There was one positive aspect in 1983. Many Sinhalese -and I have heard eye-witnesses reports about this – endangered themselves by having the courage to protect Tamils who were strangers to them. This time one of my Muslim contacts reports that “Buddhist work friends collected funds in an office and donated for the affected at Aluthgama. Very noble of them. Why , it’s entirely possible that BBS will lose adherents in greater numbers than gaining them. Allah Akbar!”

In Aluthgama, a Sinhalese citizen told Dharisha Bastians. “We have no grouse with the people on that side of the village. They are our friends. We know them. We didn’t recognise the people who fought last night, they were not from here”.

Encouraging news came from Dickwella. The Chief Incumbent Priests of eight Buddhist temples spent two hours at the Muhiyibdeen Jumma Mosque at Yonakpura, Dickwella. The act of solidarity was to strengthen communal ties and avert any fears of copycat incidents in the area. The clergy said that the root cause of the incidents in Aluthgama and Beruwala was misinformation and that the people of Dickwella should be vigilant about attempts to instigate communal disharmony in their town. Dickwella Pradeshiya Sabha Chairman Krishali Muthukumarana said that Dickwella people have lived in harmony by respecting each other’s beliefs and customs. All the members of the PS irrespective of their political affiliations would ensure that no communal hatred was instigated.

Harendra Alwis on Groundviews explored this issue in a philosophical mode but also offered some practical advice on avoiding despair, promoting tolerance and social integration and embracing diversity. I feel a smidgeon of caution about one thing Harendra says. “Do not be distracted or discouraged by those who call you “Facebook heroes”, “armchair critics” or hurl any number of derogative remarks at you instead of – or while – engaging with what you have to say.” It is true that these issues have to be exposed to the cleansing sunshine and fresh air of open debate. Groundviews has an important role to play in this. There is, however, a danger that passions could be further inflamed by polemic in the social media. As Nick Hart commented on Groundviews, it is “nonsensical and irresponsible to attempt to tar all Buddhist monks with the brush of intolerance, or to imply that every individual from a minority group is an innocent victim. Sri Lanka and the world know that this is not the case.” I recall that Groundviews itself seemed to be dangerously stoking the fire in the controversy over halal products, when Sanjana Hattotuwa strained very hard to find insult to Muslims in the packaging of a certain item.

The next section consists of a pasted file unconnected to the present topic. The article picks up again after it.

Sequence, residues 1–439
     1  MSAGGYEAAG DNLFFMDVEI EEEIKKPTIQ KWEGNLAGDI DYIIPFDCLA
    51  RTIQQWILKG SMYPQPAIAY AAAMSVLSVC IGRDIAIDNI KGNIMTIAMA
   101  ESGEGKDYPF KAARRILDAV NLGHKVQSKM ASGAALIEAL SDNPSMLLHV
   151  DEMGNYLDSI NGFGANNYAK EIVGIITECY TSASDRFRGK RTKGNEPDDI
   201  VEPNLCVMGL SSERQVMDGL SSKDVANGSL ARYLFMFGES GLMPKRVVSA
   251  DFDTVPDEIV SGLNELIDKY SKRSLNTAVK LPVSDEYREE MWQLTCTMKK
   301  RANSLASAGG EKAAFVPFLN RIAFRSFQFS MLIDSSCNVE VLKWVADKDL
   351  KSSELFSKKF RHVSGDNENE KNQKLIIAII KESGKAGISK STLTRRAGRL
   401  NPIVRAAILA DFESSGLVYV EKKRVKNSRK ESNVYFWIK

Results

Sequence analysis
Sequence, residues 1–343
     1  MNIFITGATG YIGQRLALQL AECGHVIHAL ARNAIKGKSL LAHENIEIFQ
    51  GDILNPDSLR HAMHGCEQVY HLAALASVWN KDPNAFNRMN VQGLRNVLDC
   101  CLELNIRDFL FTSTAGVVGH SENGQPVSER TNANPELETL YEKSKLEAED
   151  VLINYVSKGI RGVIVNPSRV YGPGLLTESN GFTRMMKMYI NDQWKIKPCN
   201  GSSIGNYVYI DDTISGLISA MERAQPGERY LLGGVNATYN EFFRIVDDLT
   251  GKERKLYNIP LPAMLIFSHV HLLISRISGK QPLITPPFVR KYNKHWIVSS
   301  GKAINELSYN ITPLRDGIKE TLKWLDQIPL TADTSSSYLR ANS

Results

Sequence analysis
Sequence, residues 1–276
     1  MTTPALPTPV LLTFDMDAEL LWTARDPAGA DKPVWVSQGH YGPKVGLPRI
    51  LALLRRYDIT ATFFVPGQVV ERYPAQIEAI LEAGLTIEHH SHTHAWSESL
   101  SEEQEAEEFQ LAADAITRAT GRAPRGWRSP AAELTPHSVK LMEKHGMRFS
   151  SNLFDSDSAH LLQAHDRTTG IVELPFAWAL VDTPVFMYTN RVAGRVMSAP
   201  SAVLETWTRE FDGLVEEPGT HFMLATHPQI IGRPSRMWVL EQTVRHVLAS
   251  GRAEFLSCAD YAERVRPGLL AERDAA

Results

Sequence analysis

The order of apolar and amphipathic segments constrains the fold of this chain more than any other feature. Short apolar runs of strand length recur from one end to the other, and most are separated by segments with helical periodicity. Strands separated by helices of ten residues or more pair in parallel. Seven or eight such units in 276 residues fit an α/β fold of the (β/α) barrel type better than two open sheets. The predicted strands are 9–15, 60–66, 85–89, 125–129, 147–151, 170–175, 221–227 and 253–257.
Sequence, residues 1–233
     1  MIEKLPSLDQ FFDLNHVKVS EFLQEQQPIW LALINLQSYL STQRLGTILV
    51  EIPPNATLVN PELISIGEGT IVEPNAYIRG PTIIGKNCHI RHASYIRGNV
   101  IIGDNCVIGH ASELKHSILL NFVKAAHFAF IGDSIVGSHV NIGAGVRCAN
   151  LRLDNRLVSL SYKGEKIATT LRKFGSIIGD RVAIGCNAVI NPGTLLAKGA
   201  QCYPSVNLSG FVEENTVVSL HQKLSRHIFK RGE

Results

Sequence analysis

The use of terms like “communal strife” makes me queasy. Just like every act of communal violence in Sri Lanka’s history, the recent “riots” in Aluthgama against Muslims were not spontaneous expressions of ethnic or religious grievance involving ordinary civilians. There is legitimate fear on the part of Muslims. Buddhists need to convince their Muslim neighbors that BBS are not acting in their name. That, of course will be futile if the police allow BBS to continue their thuggery. Where are the prosecutions and punishments?


Julie MacLusky

- Author and Blogger -


A fake image is worth zero words

Poet's Corner

Poems, poets, poetry, writing, poetry challenges

Casual, But Smart

Pop Culture From An Old Soul

PN Review Blog

‘The most engaged, challenging and serious-minded of all the UK’s poetry magazines’ - Simon Armitage

The Manchester Review

The Manchester Review

Slugger O'Toole

Conversation, politics and stray insights

Stephen Jones: a blog

Daoism—lives—language—performance. And jokes

Minal Dalal

Spreading resources for potential living.